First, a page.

I spent four nights in Czech Republic. I really enjoyed my stay, but it also made me wonder about the losing appeal of traveling in the digital age.

Too good to be true

I’ve been thinking. To be honest, I’ve been thinking about this same subject for a few years, but now it seems very topical again. Am I the only one who is rarely very impressed by popular tourist destinations?

Colorful John Lennon wall of Prague in summer 2016 with tourists in front.

The famous John Lennon wall of Prague. Lots of tourists, not much Lennon.

A few reasons for this come to my mind. First, during this modern technological era that we’re living, probably all of us have seen most of the biggest tourist sights of the world countless of times. And we haven’t just seen them. We’ve seen them in edited and stylized photographs that always look better than life itself.

Tourist crowds on the way to Charles Bridge in Prague Old Town.

The way to Charles Bridge, one of the most popular landmarks of Prague.

The second reason is something that’s usually missing from those pictures: the huge herds of tourists. The old town of Prague was very beautiful, but the amount of people and noise everywhere are an inseparable and not always enjoyable part of the experience.

Lužiny metro station, Prague.

Still, I want to emphasize that I really enjoyed my stay in Prague. My CouchSurfing hosts Pavel and Jelena were some of the nicest CouchSurfing hosts I’ve ever had. And this metro station (Lužiny) near their home was also very cool!

Happy discoveries

When I’m most impressed by tourist sights, it’s usually when I see them without too much advance information. Luckily, I had one of those experiences in Czech Republic when I visited Kutná Hora, one of the smaller old cities near Prague.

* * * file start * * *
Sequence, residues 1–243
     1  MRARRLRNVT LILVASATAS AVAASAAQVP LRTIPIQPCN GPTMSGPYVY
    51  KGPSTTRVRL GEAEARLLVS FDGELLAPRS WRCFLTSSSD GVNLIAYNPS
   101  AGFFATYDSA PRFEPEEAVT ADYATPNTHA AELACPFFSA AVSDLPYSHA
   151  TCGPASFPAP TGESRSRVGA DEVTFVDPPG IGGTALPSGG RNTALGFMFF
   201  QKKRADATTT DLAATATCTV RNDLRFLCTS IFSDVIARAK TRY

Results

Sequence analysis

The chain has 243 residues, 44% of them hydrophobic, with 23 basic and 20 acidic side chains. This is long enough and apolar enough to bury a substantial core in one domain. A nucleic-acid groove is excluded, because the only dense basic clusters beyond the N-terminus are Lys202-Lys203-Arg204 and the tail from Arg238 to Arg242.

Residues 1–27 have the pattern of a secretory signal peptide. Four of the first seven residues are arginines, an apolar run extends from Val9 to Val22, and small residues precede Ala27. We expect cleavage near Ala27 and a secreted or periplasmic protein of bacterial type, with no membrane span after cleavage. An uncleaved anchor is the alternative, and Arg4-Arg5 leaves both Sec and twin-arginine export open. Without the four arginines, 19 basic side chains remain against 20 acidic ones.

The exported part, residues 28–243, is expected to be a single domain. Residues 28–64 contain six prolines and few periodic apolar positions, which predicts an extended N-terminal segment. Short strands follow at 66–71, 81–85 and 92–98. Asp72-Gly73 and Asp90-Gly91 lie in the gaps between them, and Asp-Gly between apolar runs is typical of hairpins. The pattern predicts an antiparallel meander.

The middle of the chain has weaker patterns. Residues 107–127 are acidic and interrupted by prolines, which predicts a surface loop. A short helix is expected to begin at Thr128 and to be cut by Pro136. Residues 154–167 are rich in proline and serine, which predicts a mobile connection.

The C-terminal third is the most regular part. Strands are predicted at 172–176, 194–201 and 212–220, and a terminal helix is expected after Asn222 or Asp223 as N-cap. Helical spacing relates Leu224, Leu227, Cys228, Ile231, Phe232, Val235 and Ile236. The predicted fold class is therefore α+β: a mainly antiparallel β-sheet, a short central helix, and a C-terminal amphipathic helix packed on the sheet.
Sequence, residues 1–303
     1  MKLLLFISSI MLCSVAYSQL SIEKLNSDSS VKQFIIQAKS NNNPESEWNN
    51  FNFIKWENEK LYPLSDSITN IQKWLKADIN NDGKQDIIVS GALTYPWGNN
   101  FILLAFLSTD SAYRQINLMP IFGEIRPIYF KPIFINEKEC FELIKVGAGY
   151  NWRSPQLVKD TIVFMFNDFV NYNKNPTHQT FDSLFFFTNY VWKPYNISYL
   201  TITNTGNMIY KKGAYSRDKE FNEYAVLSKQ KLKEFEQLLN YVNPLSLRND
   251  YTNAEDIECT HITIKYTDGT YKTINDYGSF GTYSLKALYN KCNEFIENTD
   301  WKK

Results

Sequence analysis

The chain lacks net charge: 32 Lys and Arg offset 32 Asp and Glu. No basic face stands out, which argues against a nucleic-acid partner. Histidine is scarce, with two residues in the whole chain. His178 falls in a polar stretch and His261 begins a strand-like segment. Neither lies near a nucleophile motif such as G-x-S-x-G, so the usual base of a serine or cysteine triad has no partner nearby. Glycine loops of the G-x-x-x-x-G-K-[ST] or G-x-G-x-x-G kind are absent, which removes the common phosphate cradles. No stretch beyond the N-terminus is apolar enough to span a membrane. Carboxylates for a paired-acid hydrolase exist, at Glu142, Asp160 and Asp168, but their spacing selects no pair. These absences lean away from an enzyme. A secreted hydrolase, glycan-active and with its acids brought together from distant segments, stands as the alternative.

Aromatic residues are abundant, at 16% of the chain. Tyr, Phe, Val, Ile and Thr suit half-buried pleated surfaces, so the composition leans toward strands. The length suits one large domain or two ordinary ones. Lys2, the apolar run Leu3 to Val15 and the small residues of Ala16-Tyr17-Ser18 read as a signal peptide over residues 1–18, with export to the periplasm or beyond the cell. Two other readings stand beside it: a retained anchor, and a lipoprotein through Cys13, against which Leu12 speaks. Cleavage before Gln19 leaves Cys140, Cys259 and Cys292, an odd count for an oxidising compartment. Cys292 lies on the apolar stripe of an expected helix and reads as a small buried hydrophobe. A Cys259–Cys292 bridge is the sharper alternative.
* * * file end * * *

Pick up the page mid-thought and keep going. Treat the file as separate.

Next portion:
A stone paved street in Kutná Hora.

The quiet beauty of Kutná Hora.

I only went to Kutná Hora to visit an art gallery. Our psychology student’s association in my university had taken their logo from an advert some of their students saw in Prague in 1991. Last year, one of my friends traced the original creator. He turned out to be a renowned Czech artist, Pavel Brázda, who is now 90 years old. Seeing his art in an exhibition was one of the highlights of my stay in Czech Republic.

Pavel Brázda exhibition in GASK gallery Kutná Hora.

The exhibition of Pavel Brázda was in a former Jesuit College built in the 16th century.

Because I didn’t know much about Kutná Hora before my arrival, the element of surprise remained and I was very impressed by the city. After the crowds of Prague, the idyllic and quiet old town felt like a paradise.

Sedlec Ossuary or Skull Church in Kutná Hora with a skull decoration in front.

Unesco World Heritage site Sedlec Ossuary, also known as the Skull Church is one of the most impressive tourist sights in Kutná Hora. The church is decorated with formations made of tens of thousands of skulls and bones.

A view to the forests next to Kutná Hora.

A view from Kutná Hora.